The UAE rally champion set a high speed record when he drove seven kilometres of the road up Jebel Hafeet in 3min 39.008sec.
New car speeds to lofty launch
AL AIN // The UAE rally champion, Mohammed bin Sulayem, set a high speed record in more senses than one this week when he drove seven kilometres of the winding mountain road up Jebel Hafeet in 3min 39.008sec - an average speed of nearly 120kph. As part of the Jebel Hafeet Challenge and to mark the UAE launch of the Nissan GT-R, the motor manufacturer had arranged with police to have a 22-curve section of the road closed in both directions on Monday morning, giving Sulayem maximum road space as he attacked the hill in the 485hp car.
"To achieve this first ever officially recorded time on the Jebel Hafeet mountain road is a fitting event to mark the regional launch of what I believe is one of the most capable performance cars ever developed," a jubilant Sulayem said afterwards. The president of the Automobile and Touring Club of the UAE and vice-president of the International Automobile Federation used all six lanes to take the Dh420,000 (US$114,350) car up by the shortest possible route.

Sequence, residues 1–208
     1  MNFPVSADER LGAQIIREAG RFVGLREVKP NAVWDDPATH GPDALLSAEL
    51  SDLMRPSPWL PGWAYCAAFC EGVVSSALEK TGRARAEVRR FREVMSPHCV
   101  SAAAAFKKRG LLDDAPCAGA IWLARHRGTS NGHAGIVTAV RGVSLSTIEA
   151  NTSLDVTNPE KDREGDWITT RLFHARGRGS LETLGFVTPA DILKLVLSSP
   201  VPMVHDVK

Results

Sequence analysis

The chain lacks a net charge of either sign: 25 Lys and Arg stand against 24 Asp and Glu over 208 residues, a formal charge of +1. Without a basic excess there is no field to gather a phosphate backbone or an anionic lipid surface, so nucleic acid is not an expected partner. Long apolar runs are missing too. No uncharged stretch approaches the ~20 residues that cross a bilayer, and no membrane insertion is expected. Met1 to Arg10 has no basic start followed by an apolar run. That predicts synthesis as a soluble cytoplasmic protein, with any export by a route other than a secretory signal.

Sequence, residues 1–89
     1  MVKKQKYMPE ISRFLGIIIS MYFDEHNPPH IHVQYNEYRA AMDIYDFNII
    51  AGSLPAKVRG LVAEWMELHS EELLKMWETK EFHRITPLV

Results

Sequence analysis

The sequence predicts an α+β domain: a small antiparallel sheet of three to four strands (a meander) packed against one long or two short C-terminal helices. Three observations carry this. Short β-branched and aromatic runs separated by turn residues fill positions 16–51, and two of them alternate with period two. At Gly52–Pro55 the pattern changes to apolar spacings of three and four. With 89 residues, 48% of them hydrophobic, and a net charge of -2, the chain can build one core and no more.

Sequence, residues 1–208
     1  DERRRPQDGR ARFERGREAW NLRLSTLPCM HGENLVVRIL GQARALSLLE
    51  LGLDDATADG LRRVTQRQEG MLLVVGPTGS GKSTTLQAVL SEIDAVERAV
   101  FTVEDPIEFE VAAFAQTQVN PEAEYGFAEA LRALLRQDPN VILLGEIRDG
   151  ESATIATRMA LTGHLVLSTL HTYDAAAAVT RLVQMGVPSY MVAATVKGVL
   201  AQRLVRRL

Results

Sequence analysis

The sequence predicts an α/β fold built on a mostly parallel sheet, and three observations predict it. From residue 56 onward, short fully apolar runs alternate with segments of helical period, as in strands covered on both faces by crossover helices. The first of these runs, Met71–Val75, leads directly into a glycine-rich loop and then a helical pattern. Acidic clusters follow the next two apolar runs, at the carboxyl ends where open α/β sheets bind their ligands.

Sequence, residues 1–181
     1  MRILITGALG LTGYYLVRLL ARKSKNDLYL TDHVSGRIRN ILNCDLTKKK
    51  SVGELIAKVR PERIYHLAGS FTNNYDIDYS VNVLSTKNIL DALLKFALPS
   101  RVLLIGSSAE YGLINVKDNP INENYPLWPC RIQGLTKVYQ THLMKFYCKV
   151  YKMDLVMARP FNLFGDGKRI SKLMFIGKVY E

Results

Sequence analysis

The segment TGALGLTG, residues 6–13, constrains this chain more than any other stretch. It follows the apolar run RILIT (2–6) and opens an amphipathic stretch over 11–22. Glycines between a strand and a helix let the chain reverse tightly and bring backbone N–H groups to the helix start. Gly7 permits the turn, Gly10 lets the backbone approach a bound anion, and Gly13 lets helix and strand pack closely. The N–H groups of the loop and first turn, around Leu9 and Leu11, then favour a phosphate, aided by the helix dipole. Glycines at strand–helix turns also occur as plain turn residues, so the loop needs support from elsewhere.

Would-be imitators, however, need not expect the same level of official indulgence for such high speeds. Legal speed limits are clearly posted and Al Ain Police regularly patrol the mountain. Violators risk black points on their licences, confiscation of their vehicles and a possible prison sentence, not to mention death. The Jebel Hafeet Challenge was part of the Al Ain Custom Car Show events which ran from March 1 to 3.
In a remarkable rallying career, Sulayem won 14 FIA Middle East Rally Championship titles and more than 60 international rallies. In 1991, he launched the UAE Desert Challenge, and quickly established it as the Middle East's first world championship motorsport event. In November he became the first Arab to be elected to the ruling body of world motorsport when he was elected vice-president of the Fédération Internationale de l'Automobile (FIA) and co-opted on to its World Motorsport Council during the general assembly in Paris.